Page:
Developing experimental design methods

The complex task of creating human and more than human habitats significantly increases our sense of responsibility. Being aware that the forms we create go on to actively form behaviour, shifts our practice from that of an aesthetic technician to a servant of public health. We are thus in a predicament—science is slow and design is fast and pressured—how can we know what the effects of our work will be on human and more than human actions? To compound the problem, the experimental methods that cognitive scientists use are not well-suited to the issues that architects face. Where the scientist is concerned with small differences that may be statistically important, designers need to understand patterns that have a larger impact. We must accept that our design solutions might be based on research that may not be perfect—but may be good enough. Here we can learn from product designers who no longer design solely products, but are expected to design experiences and interactions between human and computer interfaces. As Don Norman writes, “The social and behavioural sciences have their own problems, for they are generally disdainful of applied practical work and their experimental methods are inappropriate: scientist seek ‘truth’ whereas practitioners seek ‘good enough [1].’” Designs are rarely optimal or perfect but may be perfectly acceptable for everyday usage and we need to develop experimental techniques that consider such pragmatic goals. Norman suggests that designers develop their own experimental methods. He writes, “They should be simple and quick, looking for large phenomena and conditions that are ‘good enough.’ But they must still be sensitive to statistical variability and experimental biases. These methods do not exist: we need some sympathetic statisticians to work with designers to develop these new, appropriate methods.”Footnote 3

The imperatives of embodied learning could help build these new methods. Many schools already engage in design-build programs and the development of prototypes. These various scales of construction can be studied and tested in terms of their behavioural impact much like post-occupancy evaluations are intended to do. Hypothetical solutions devised in the studio must be subjected to the rigours of research and tested in the crucible of physical reality. These engagements can and should become vehicles for new ways of thinking and inquiry. We need to rid ourselves of the notion that experiments can only happen in sterile laboratories by those wearing white coats, and to affirm that making and evaluating are necessary and complementary modes of creative engagement. Experimentation and testing is an on-going, open-ended process that does not stop once construction is complete.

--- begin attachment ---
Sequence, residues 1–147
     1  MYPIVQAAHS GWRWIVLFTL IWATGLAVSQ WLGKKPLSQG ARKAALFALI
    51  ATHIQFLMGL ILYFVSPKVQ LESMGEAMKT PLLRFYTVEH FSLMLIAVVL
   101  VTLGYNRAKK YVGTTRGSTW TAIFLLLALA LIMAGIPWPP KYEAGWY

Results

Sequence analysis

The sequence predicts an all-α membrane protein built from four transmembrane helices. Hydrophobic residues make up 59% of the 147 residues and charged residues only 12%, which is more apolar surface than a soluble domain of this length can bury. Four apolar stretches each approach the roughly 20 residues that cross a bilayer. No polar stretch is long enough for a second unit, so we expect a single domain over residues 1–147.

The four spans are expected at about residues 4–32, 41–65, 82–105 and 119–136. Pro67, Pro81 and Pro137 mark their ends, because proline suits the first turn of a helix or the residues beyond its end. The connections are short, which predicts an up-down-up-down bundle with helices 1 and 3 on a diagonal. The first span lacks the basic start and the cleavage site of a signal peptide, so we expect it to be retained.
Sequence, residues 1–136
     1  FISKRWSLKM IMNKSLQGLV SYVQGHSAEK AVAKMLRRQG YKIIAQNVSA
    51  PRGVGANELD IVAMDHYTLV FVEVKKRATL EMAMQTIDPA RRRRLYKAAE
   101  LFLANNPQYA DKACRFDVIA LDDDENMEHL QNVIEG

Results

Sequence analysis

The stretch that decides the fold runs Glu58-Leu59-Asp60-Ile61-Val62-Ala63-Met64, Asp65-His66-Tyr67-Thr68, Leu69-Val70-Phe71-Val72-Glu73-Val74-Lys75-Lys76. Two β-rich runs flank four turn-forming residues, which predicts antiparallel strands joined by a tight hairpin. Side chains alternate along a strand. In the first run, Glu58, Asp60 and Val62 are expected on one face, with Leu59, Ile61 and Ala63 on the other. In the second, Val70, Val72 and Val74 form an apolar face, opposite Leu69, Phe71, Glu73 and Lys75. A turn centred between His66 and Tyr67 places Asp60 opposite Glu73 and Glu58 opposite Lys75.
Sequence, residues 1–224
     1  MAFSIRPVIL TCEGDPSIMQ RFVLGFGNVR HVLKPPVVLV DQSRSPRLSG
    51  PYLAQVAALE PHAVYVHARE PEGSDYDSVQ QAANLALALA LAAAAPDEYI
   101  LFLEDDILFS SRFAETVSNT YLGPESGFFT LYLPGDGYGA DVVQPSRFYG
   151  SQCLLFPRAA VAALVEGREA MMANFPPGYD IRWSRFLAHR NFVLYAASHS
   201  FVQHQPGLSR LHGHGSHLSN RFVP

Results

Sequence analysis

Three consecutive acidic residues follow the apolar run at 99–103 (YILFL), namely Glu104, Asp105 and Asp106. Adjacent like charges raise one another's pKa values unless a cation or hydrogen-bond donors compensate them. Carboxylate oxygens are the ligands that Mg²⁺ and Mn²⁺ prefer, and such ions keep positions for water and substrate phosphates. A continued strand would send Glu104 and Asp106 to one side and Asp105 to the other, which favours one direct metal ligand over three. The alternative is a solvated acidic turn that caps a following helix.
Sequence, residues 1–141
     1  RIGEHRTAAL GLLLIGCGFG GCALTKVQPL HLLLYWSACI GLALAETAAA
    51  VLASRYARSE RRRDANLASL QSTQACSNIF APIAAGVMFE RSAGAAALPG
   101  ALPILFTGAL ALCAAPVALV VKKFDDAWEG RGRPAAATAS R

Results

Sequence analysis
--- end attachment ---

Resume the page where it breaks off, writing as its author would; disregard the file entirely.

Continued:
Cultivating expert generalists

Moving beyond our obsessions with hypothetical form and ungrounded theory, we must understand architectural space in the broader terms of creating contexts. Context is a much more flexible word perhaps than the word environment because it suggests a more than physical dimension. Architectural contexts are not only physical arrangements but include the human and more than human life that moves within and inhabits those contexts. Celebrating the breadth of knowledge gained in our education and integrating that knowledge in the rigours of making is a rare example of a truly thorough interdisciplinary practice. Faced with unprecedented climatic, environmental and existential challenges, we need to cultivate multi-faceted, deep thinking, civilly engaged practitioners. And in an age in which automation and algorithms are taking over routine decision making, developing the skills of empathetic inquiry and multimodal synthesis is ever more important. As physical and virtual modes of behaviour become all the more prevalent, we need to bear in mind that hybridisation can complement rather than dilute. And in a practice as complex as creating living habitats we must remember too that our professionalism consists of responsibly interpreting, integrating and responding to interdisciplinary facts.


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Robinson, S. How 4E cognition changes architectural design education. Archit. Struct. Constr. 2, 17–22 (2022).

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  • Embodied
  • Embedded
  • Enactive approach
  • Extended cognition
  • Experimental design research
  • Empathetic inquiry
  • Design and well being